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|Title:||Analysis of bean commercialization and food sufficiency trade-off: A case of smallholder farmers in Rwanda|
|Keywords:||Bean commercialization -- Food sufficiency trade-off|
|Abstract:||Commercialization of agriculture provides farm households with a means to alleviate poverty and food insecurity in rural areas. This is due to the fact that commercialization increases farm household income and widens the ability to attain food diversity. In Rwanda, common bean is grown by a large proportion of the rural population for both domestic and market purposes. Based on the nutritional and agronomic attributes, there is rising national and regional demand for common bean. Since many households in Rwanda produce beans for consumption as well as for the market, this poses a tradeoff at the household level as to what proportion of bean produce to consume and market. There was need therefore, to determine factors influencing commercialization of common bean and its effects on household food sufficiency. The study used secondary data from 252 respondents chosen from five districts across the country. Data analysis was done using descriptive statistics, ANOVA and Double Hurdle model using SPSS 18 and STATA12 statistical packages. The results revealed that 41% of the farmers engaged in common bean commercialization where majority sold less than 100 kilograms. There were no significant effects of common bean commercialization on food self-sufficiency among farm households in different levels of commercialization. The study found out that age, number of livelihoods a household head engages in and quantity of beans produced influenced the decision to commercialize at 1% significance level. Further, level of satisfaction with market information and type of common beans influenced decision to commercialize common beans at 5%. The study revealed that quantity of beans produced, number of livelihoods of a household head, price per kilogram, distance to the market, duration of bean storage and group membership positively influenced the level of bean commercialization. On the other hand, number of crops a household cultivated and higher monthly income had negative influence on commercialization. The study recommends that stakeholders explore measures to improve skills of farmers to engage in other livelihood activities, increased beans production, collective action among farmers and effective flow of market information. Through these measures, smallholder farmers would offset pressure mainly piled on available food stock while farmers acquire enough agricultural income to ensure food sufficiency among households.|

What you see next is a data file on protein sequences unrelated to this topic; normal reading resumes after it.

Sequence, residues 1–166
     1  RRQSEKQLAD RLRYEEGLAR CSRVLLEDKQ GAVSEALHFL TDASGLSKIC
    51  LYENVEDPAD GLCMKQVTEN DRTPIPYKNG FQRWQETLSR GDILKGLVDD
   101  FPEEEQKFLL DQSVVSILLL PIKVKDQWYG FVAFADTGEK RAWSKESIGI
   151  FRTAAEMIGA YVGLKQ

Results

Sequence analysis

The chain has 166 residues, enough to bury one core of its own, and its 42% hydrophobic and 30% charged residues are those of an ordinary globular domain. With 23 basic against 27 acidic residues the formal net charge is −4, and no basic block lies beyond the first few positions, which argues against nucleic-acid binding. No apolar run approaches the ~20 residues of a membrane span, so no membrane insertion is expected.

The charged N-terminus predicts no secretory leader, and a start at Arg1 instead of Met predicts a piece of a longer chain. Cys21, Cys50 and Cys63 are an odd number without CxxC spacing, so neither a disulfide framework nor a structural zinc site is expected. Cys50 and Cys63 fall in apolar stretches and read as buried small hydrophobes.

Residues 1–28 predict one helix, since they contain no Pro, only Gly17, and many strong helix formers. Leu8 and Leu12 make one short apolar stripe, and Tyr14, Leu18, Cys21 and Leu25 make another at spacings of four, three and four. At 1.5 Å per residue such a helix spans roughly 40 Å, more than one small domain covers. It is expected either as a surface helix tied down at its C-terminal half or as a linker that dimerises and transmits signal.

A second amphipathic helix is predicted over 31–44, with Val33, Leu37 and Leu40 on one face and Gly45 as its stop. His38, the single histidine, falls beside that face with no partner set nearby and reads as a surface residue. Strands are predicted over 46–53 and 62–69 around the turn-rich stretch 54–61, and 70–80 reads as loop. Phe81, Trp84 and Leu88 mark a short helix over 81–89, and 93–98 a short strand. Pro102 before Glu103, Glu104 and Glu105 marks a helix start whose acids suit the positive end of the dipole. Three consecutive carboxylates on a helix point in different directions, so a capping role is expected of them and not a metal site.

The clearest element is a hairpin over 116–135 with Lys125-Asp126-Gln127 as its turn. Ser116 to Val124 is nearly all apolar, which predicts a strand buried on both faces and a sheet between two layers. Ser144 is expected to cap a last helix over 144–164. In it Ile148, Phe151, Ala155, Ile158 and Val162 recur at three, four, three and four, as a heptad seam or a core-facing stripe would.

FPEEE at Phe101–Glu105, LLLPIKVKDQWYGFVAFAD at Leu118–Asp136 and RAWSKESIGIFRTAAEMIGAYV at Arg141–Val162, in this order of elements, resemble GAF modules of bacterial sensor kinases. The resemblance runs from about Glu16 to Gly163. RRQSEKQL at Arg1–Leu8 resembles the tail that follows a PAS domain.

|Appears in Collections:||Faculty of Agriculture|
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